previous next

But the next summer the democratic party comes again into power at Argos, and tries to secure itself by making an alliance with Athens and building long walls to the sea.

Διῆς: they were the inhabitants of the town of Dium (see iv. 109. 10), the same who had already (see c. 35. 1) engaged in hostilities toward Athens, and who now openly joined her enemies. Here, as in c. 35. 2, some inferior Mss. read Δικτιδιῆς.— 3. τὰ ἐν Ἀχαίᾳ οὐκ ἐπιτηδείως πρότερον ἔχοντα: cf. i. 19. 1 ff. At the beginning of the war only the Pelleneans were on the side of the Lacedaemonians. See ii. 9. 6.—καθίσταντο: sc. ἐπιτηδειότερον or ἐπὶ τὸ σφίσιν ὠφέλιμον. Cf. i. 76. 2.

δῆμος ἀναθαρσήσας ἐπέθεντο: δῆμος with adjs. in the sing, and the verb in the pl. occurs also in iii. 80. 1 f. G. 135, 3; H. 609.—κατ᾽ ὀλίγον ξυνιστάμενός τε καὶ ἀναθαρσήσας: the oligarchy which was established in Argos πρὸς ἔαρ, say in March (see c. 81. 10), lasted until the time of the gymnopaediae, a period of about five months, since this festival took place in Hecatombaeum (about July; see Schoemann, Griech. Alt. II. p. 460. Diod., xii. 80. 45, wrongly says that the oligarchy lasted eight months). During this period the secret meetings and deliberations (ξυνίστασθαι, as in ii. 88. 4; iii. 70. 24; viii. 65. 6) of the popular party were held, until sufficient confidence for a rising had been gained (ἀναθαρσήσας in the aor. denotes the conclusion of the deliberations expressed by the pres. ξυνιστάμενος). —κατ᾽ ὀλίγον: gradually, in continuous progress toward completion. Cf. i. 61. 18; 69. 13. (Cl. now adopts this explanation by St.) Paus., ii. 20. 2, says that this fierce insurrection broke out because the leader of the χίλιοι λογάδες (cf. c. 67. 13; 72. 14) outraged the betrothed bride of a man of the common people, and this may have been the immediate occasion of the outbreak.

τὰς γυμνοπαιδίας: ‘this was a festival somewhat resembling the Lupercalia at Rome, in which boys and men danced naked, each arranged in distinct chori, the movements expressing warlike and gymnastic contests; while at the same time coarse and licentious language was interchanged, as in the Roman triumphs.’ Arnold. The festival was mainly in honour of Apollo. See Schoemann, Griech. Alt. II. p. 460.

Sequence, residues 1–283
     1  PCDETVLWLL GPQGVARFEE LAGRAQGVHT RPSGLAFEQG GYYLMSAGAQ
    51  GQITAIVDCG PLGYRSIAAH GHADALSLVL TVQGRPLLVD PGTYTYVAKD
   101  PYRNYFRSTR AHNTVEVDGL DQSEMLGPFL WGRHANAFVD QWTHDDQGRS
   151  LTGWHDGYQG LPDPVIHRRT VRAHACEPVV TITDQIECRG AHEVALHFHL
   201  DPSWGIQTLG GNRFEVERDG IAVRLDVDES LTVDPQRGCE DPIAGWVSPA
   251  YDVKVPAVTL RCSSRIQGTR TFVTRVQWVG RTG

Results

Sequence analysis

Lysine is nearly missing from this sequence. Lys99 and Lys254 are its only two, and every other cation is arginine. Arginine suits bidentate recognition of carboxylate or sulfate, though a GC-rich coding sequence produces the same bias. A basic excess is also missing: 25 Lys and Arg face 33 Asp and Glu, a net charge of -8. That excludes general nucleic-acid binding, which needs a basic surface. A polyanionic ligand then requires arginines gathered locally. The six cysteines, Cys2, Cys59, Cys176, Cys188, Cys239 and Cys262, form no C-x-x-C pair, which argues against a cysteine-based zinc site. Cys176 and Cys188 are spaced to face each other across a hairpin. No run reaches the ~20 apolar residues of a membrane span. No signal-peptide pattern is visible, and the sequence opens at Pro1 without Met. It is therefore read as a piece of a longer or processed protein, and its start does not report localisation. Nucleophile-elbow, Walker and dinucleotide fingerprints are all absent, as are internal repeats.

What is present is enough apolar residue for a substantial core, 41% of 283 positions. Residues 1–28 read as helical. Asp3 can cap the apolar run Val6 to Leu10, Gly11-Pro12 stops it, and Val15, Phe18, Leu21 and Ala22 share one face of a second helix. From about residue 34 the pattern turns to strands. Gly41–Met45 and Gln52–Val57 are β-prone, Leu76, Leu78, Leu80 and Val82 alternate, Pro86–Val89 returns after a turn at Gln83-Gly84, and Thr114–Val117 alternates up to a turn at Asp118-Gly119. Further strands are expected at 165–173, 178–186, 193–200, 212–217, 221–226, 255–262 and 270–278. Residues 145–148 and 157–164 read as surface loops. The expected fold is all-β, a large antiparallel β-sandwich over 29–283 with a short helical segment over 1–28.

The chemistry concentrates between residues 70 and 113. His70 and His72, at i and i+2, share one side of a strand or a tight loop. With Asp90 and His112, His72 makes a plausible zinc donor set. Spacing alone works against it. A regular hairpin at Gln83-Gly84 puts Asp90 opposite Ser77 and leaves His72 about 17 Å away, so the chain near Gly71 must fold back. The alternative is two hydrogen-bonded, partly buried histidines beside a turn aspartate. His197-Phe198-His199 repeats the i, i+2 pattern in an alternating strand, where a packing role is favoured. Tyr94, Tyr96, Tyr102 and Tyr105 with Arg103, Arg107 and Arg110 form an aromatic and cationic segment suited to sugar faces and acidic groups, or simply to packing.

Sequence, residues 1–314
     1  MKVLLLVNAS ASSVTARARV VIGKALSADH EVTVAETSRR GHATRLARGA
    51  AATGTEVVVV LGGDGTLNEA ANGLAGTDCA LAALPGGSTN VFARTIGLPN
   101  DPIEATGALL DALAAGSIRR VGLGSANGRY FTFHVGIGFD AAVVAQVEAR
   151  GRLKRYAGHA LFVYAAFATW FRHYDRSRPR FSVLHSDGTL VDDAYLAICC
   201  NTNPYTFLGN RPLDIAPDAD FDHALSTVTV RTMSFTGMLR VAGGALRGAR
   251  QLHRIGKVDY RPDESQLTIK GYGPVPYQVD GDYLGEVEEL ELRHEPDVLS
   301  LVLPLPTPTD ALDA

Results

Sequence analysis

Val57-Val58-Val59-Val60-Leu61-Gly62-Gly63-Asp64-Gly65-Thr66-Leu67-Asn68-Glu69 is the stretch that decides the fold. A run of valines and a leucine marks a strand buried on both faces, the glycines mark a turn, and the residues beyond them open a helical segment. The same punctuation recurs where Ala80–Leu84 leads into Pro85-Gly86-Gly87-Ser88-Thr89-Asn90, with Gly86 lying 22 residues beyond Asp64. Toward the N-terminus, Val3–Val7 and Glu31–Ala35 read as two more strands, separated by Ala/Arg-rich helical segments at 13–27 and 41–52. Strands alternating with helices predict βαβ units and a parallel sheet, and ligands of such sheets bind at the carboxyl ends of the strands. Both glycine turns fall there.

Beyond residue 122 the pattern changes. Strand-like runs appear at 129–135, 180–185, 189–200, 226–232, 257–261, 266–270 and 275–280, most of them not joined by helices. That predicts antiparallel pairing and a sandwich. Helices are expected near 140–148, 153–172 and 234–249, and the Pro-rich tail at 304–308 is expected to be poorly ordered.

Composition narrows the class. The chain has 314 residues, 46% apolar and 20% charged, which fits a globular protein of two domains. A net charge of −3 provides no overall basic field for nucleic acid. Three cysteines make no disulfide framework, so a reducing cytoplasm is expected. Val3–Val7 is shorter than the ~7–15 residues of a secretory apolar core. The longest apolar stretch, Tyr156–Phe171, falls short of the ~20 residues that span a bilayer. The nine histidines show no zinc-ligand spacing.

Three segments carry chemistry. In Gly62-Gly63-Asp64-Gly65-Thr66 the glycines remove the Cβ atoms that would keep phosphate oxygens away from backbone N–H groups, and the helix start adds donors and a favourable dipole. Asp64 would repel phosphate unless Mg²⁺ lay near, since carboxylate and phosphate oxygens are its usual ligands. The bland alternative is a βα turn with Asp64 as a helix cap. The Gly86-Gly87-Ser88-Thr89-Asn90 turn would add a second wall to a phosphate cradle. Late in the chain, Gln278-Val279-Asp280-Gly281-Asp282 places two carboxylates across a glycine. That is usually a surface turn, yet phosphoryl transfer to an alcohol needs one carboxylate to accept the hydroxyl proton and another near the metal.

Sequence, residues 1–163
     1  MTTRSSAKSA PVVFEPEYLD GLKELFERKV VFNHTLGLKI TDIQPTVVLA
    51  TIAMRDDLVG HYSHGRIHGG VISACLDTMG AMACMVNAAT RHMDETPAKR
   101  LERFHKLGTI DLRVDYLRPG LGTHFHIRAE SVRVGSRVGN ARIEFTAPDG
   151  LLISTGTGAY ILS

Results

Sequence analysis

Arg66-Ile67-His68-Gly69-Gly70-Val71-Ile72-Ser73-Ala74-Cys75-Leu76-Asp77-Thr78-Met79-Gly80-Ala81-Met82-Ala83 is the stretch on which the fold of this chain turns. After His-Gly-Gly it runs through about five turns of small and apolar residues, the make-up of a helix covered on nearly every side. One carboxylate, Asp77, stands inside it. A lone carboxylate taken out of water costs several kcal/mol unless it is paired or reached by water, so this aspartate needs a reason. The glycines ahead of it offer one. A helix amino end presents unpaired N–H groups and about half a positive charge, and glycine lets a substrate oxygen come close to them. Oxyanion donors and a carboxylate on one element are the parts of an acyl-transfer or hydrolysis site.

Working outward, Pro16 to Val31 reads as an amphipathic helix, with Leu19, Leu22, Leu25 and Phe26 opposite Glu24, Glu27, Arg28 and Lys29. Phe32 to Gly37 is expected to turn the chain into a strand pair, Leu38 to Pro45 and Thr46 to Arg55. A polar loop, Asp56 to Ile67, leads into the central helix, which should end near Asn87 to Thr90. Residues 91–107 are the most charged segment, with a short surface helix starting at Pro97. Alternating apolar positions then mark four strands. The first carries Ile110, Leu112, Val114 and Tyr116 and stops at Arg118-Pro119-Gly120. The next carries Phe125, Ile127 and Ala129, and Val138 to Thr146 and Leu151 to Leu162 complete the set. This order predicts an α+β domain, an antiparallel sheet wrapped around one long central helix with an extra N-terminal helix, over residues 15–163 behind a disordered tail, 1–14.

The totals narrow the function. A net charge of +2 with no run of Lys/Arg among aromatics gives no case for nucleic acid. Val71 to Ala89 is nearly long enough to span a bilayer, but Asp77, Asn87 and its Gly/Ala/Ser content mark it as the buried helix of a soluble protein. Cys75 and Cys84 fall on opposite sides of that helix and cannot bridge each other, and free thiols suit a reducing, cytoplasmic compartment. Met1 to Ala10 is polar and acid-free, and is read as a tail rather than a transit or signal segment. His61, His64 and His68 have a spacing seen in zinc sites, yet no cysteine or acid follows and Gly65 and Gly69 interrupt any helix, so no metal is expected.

οὐκ ἦλθον ἐκ πλείονος: the sense of this passage evidently is: “while their friends were sending for them, they failed to come for a very long (or too long) time; but at last they postponed the festival and started on the march” (ἐβοήθουν impf.). The fact that they only went as far as Tegea before hearing of the revolution at Argos seems to show that they were in no great hurry. See App.— 11. προελθεῖν μέν, ἀναχωρήσαντες δέ: the opposition of these two parts of the sent. is very effective: “as to advancing, they had no idea of such a thing (οὐκ ἠθέλησαν); on the contrary, they went home and celebrated their festival.”

τῶν διαπεφευγότων: i.e. the members of the oligarchical party of Argos.

καὶ ἀγγέλων: see App.

ἀφ᾽ ἑκατέρων: see on iii. 36. 24. This prep. is freq. used with λέγεσθαι and similar words. In these speeches each party doubtless tried to justify itself and make its opponents seem completely in the wrong.

φοβούμενος, προσαγόμενος, νομίζων: these parties. all interpret τειχίζει μακρὰ τείχη. The chief reason is expressed in φοβούμενος τοὺς Λακεδαιμονίους, which is further enlarged by πάλιν προσαγόμενος τὴν τῶν Ἀθηναίων ξυμμαχίαν and νομίζων μέγιστον ἂν σφᾶς ὠφελήσειν, these two expressions being closely connected by τε and καί. “The Argives undertook the building of long walls because they were afraid of the Lacedaemonians and (therefore) embraced the alliance of Athens and thought they should be greatly the gainers.”

προσαγόμενος: οἰκειούμενος, Schol. This act was a declaration in favour of the A thenian policy (and political ideas) and therefore in itself a renewal of the alliance with Athens, which remained in force from this time.

ὠφελήσειν: the subj. is not τὴν τῶν Ἀθηναίων ξυμμαχίαν, but is, as Herbst (Hamburg Progr. 1867, p. 32 f.) rightly observes, to be supplied from the following τειχίζει μακρὰ τείχη. This is further explained in ὅπως . . . ὠφελῇ: for κατὰ θάλασσαν ἐπαγωγὴ τῶν ἐπιτηδείων is the advantage derived from the long walls. μετὰ τῶν Ἀθηναίων is a secondary and necessary consequence. ἂν ὠφελήσειν is equiv. to ὅτι ὠφελήσει ἄν with the suppressed prot. ἢν τοῦτο γένηται. GMT. 37, 2; 53; H. 845; 861; 946. Cf. ii. 80. 40; vi. 66. 4; viii. 25. 28; and 71. 12 with App. See App.

ξυνῄδεσαν τὸν τειχισμόν: if this reading is correct, the knowing about or being privy to this project shows an inclination toward the philo-Athenian policy of Argos which was exhibited by the building of the long walls. See App.

τινες: interposed between the gens., as in i. 45. 8, ἐς τῶν ἐκείνων τι χωρίων.

λιθουργοί : so masons had been brought from Athens to assist in the circumvallation of Nisaea. See iv. 60. 6.

Creative Commons License
This work is licensed under a Creative Commons Attribution-ShareAlike 3.0 United States License.

An XML version of this text is available for download, with the additional restriction that you offer Perseus any modifications you make. Perseus provides credit for all accepted changes, storing new additions in a versioning system.

hide References (20 total)
hide Display Preferences
Greek Display:
Arabic Display:
View by Default:
Browse Bar: